I need to insert a post via PHP outside the Wordpress environment (but on the same server) and I'm looking for the most efficient way to do this.

I was thinking about 2 solutions:

1) Using XML-RPC, as explained here

2) Load the WordPress core requiring wp-load.php and then using wp_insert_post()

Wich one uses less resources? I just need to insert a new post into the database and I don't need any support for plugins, theming, etc. There is a more hackish way to do this?

Thank you!

  • The answer has already been given, so don't take this as a rep-steal, but for those who don't know how to do this, I have a blog article explaining how. Mar 10 '14 at 18:22
  • what is the PHP code you're running? Custom PHP files? A plugin or themes AJAX handler? A drupal install? A symfony/zend/laravel applicaiton?
    – Tom J Nowell
    Mar 11 '14 at 10:35
  • @TomJNowell a custom PHP application that programmately insert new posts into WordPress. Mar 11 '14 at 11:10
  • what framework does it use?
    – Tom J Nowell
    Mar 11 '14 at 14:48
  • @TomJNowell no PHP frameworks involved at all! Mar 11 '14 at 23:06

If you're on a remote server, XMLRPC would be best, but requires login details

If you're in a PHP script on the same server, wp-load.php would be best ( XMLRPC will involve a request of sorts )

If you're in a bash or CLI script, WP CLI would be best, e.g.:

wp post create --post_type=page --post_status=publish --post_title='A future post' --post-status=future --post_date='2020-12-01 07:00:00'

More on WP CLIs create post command

If you're crazy, a raw SQL insert, fast, cheap, doesnt fire off all the hooks and API calls needed, most incompatible option with plugins, caches, etc

If you're even crazier, you could write out a WXR file, then run the WordPress Importer

If you're patient, provide it as an RSS and have WordPress use an aggregation plugin to pull it in

If you're Sane

Then no external script will be there to begin with, and you will have built a plugin, used the WP AJAX API, not created a dedicated file for a form handler etc.

Unless you're in some Symfony or Zend setup, your question indicates you're doing something horribly wrong.

If you are in such a situation though, there are libraries for that, libraries such as:


Amongst others.

But For You achairapart

I would say that wp-load.php is probably the safest and most compatible way that doesn't require expensive http requests. It's also how most of the libraries will implement it, it's also how I would do it.

But keep in mind, inserting/creating a post in WordPress is an inherently expensive thing to do. You can reduce the load but it will never be a fast and quick operation unless you're running a site that has no plugins or posts and contains only the hello world sample post and page.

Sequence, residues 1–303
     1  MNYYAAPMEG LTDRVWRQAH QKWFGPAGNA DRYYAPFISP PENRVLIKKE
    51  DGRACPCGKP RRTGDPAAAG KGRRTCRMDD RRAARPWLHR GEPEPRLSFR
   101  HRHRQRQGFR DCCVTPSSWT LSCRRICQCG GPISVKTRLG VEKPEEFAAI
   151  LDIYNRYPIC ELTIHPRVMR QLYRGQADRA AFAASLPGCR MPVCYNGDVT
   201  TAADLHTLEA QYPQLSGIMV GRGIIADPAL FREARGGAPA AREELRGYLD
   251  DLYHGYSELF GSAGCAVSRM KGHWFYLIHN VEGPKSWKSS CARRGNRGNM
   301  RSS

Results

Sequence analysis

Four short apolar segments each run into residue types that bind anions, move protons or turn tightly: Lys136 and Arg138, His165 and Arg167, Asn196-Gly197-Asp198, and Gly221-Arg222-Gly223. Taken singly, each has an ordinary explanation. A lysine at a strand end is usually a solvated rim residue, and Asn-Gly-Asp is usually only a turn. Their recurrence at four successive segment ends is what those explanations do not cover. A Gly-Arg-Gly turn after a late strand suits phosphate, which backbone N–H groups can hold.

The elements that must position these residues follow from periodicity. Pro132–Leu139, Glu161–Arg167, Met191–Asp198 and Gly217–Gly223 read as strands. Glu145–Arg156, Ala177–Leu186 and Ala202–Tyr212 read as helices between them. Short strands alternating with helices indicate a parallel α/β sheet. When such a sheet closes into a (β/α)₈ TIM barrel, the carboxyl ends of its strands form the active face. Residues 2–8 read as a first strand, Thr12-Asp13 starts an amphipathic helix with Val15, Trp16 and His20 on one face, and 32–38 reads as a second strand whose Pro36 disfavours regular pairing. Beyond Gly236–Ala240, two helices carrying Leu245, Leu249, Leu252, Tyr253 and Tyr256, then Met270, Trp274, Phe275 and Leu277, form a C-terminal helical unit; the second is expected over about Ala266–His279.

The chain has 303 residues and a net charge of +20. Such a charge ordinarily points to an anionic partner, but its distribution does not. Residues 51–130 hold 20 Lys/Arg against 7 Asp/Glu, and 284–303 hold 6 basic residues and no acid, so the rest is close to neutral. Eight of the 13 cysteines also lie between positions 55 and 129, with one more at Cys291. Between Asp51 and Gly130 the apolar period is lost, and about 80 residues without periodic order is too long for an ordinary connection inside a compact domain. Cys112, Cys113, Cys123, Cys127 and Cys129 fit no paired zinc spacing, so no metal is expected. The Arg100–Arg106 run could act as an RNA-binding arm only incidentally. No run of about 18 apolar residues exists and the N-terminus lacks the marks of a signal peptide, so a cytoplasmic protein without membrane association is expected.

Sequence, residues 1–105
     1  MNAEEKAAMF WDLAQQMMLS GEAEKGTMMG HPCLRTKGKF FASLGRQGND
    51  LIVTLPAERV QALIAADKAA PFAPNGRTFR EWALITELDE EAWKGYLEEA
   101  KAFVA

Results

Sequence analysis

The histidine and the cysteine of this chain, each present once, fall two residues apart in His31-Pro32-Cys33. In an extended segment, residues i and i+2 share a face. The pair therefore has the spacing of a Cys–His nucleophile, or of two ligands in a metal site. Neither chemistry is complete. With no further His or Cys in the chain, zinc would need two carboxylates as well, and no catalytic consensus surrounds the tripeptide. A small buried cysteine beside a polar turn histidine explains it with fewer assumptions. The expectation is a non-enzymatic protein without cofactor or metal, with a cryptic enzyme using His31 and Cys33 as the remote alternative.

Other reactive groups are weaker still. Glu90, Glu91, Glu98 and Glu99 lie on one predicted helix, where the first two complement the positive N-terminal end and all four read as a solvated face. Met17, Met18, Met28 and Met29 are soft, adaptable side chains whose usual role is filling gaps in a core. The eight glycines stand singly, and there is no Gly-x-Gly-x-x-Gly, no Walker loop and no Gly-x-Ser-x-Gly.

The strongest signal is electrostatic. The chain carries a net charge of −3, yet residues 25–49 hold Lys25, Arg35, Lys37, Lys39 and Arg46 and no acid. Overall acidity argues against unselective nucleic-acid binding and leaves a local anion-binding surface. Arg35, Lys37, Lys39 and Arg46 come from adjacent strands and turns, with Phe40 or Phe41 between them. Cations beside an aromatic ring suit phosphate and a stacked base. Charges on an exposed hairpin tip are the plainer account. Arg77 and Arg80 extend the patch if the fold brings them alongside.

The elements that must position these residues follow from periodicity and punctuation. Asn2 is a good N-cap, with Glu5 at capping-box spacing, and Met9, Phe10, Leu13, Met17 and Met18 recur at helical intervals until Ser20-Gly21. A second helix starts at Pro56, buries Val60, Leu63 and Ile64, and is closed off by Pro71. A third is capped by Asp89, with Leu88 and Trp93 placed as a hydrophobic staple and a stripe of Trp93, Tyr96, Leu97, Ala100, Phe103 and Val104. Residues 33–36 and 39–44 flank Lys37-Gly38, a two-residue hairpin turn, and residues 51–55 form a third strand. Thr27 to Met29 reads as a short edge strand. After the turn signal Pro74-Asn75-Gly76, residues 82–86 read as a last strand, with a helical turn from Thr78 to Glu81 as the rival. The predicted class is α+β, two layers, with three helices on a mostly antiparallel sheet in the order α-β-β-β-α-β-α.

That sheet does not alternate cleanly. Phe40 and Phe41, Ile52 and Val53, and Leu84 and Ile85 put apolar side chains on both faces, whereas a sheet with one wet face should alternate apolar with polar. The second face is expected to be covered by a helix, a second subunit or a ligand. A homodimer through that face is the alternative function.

• +1 for recap all the options available. However, I think I'm enough sane to looking for a way to minimize all the resources I can even if I'm not using any PHP framework. Mar 11 '14 at 23:26
  • I would still look into symfony bundles, and other libraries, you don't have to buy into the framework to use the nice parts
    – Tom J Nowell
    Mar 11 '14 at 23:33
  • @achairapart note my edits
    – Tom J Nowell
    Mar 12 '14 at 17:12

Which one uses less resources?

Neither, really.

I don't need any support for plugins, theming, etc.

I think you've answered your own question. Go for the latter technique (wp-load.php).

  • 1
    One involves a http request and login details, the other doesn't, they're not equivalant
    – Tom J Nowell
    Mar 10 '14 at 18:58

There is a more hackish way to do this?

According to Wiktionary hackish means:

poorly designed workarounds

You could do it directly via SQL or even generate some .sql file and import it directly to your database ;-)

This path will probably be unflexible and even muddy, but hackish yes ;-)

But in general I would go with number 2).


As you are on the same server, why not do a custom sql quary, I think it will use less server resource than loading core file using wp-load.php

  • 1
    Yes, this is the crazy option one (quoting @TomJNowell), but it actually will miss very important things like sanitizing inputs, future-proof compatibility, etc. Mar 11 '14 at 23:15
  • My bad, I did not think this way. Mar 12 '14 at 21:12

Your Answer

By clicking “Post Your Answer”, you agree to our terms of service, privacy policy and cookie policy

Not the answer you're looking for? Browse other questions tagged or ask your own question.